HK-4225 Build and Review (by Dr. Ralph Okon, AKA PowerCroco)

© Dr. Ralph Okon 17.04.2010
translated by Pierre Mousel

This kit can be used to assemble a very powerful motor to be suitable in 700 class helicopters (.90 Nitro class ) as well as for planes.

The powerlimits of this motor are depending on the skill of the assembler, but if you do well it will be a lot more than the stock motor sold in the market.
8 kW peak power are possible and already tested.

Some videos of well-known German helicopter pilots with different wound HK 42xx issued from these kits:
Timo Wendland
Christian Samuelis

This it how it comes out of the box.
Well packed and protected.

Inside the packing:

  • On the left the insulation material as well as the circlip and the springring.

  • Top in the middle are the bearings ( 19x8x6mm = 698ZZ )

  • Below the insulation sheets for the windings made of 1/16” special coated paper. In the same bag the anti rotation pin for the stator package.

  • Right beside the full stator package with already glued insulation head plates.

  • On the outer right the casing ( The dynamic balanced bell including shaft and mounted magnets as well the stator holder body)
  • Details of the small parts bag.

    The 1.5mm (~1/16”) anti rotation pin.


    The stator plates have dimples made during fabrication process to allow a perfect positioning.
    The glass fiber insulation plates are already glued on the stator package.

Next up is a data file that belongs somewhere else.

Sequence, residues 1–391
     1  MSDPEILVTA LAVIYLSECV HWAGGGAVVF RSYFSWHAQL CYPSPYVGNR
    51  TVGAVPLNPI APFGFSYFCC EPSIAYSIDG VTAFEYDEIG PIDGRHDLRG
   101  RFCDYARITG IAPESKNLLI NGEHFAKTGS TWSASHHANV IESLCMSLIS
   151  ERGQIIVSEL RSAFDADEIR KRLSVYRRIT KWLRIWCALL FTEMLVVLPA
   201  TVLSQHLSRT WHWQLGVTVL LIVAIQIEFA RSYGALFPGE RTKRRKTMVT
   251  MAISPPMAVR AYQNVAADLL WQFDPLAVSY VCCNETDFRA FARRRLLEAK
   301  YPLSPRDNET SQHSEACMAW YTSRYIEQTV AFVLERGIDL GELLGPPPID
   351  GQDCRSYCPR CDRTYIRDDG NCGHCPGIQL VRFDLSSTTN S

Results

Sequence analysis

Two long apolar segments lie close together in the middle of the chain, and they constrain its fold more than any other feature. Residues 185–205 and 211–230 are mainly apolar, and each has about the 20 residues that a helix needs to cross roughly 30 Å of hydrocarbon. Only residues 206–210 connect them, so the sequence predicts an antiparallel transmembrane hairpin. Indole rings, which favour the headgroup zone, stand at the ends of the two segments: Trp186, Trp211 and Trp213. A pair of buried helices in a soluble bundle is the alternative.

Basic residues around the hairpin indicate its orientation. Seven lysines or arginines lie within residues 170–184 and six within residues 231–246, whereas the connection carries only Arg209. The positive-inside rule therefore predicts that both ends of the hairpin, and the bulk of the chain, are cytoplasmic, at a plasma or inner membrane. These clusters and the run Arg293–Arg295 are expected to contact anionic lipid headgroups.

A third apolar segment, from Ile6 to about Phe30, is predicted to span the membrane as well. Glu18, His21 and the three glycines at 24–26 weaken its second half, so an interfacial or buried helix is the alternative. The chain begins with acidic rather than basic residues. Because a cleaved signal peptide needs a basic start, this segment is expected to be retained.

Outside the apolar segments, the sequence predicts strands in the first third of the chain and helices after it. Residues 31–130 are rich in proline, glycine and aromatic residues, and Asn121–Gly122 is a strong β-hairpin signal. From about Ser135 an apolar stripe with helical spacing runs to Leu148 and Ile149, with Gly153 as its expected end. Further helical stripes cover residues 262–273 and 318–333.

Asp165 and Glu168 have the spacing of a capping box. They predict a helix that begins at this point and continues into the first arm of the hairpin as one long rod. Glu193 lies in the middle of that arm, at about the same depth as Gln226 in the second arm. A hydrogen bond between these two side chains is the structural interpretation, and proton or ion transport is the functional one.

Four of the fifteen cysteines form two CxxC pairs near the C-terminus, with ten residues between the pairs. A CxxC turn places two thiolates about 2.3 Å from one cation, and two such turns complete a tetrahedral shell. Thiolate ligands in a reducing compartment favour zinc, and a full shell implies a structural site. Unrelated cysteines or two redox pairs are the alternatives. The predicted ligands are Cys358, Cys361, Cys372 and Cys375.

Unfortunately in this sample kit, the fiber plates were not correctly positioned.

    The stator package made of 0.2mm ( ~80mil ) steel is exactly 25mm ( ~1”) high, on top to be added thickness of the insulating plates.

    First operation is to make the bounded (don’t remove the wires) stator package match the holder body.
    To do this, let’s fix some sanding paper to a matching round wood and remove all the steps and remains inside the stator bore.

    Also the stator holder requires some work until the stator package and the holder are in a perfect match. Don’t remove too much, a neatly firm match is requested.

    On the hole of the back plate where the wire will go out you need to round the edges of the machined hole. In this example a small round file is used. This is to avoid shorts during operations due to vibrations.

    Now you can remove the wire wound around the stator package.
    Handle with care from now on in order to avoid splits in the package.
    If this occurs, re-glue with thin CA

    Do this only is you experience the problem shown in 6!!
    Remove the insulation by inserting a sharp knife between plate and stator package. Normally the insulation plate will split of.